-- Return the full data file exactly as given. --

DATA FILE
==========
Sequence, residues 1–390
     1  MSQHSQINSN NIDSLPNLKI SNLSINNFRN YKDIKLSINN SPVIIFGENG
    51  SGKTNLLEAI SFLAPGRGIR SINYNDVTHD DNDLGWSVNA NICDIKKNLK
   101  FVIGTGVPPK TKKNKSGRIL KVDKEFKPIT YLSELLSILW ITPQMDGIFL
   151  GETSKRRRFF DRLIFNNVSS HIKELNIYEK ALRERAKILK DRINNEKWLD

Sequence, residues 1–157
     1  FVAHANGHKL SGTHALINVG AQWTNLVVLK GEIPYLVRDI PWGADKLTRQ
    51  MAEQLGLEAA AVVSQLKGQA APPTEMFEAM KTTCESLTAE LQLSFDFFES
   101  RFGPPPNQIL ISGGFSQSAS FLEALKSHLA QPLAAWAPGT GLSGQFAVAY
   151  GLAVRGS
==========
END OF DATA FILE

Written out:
Sequence, residues 1–390
     1  MSQHSQINSN NIDSLPNLKI SNLSINNFRN YKDIKLSINN SPVIIFGENG
    51  SGKTNLLEAI SFLAPGRGIR SINYNDVTHD DNDLGWSVNA NICDIKKNLK
   101  FVIGTGVPPK TKKNKSGRIL KVDKEFKPIT YLSELLSILW ITPQMDGIFL
   151  GETSKRRRFF DRLIFNNVSS HIKELNIYEK ALRERAKILK DRINNEKWLD

Sequence, residues 1–157
     1  FVAHANGHKL SGTHALINVG AQWTNLVVLK GEIPYLVRDI PWGADKLTRQ
    51  MAEQLGLEAA AVVSQLKGQA APPTEMFEAM KTTCESLTAE LQLSFDFFES
   101  RFGPPPNQIL ISGGFSQSAS FLEALKSHLA QPLAAWAPGT GLSGQFAVAY
   151  GLAVRGS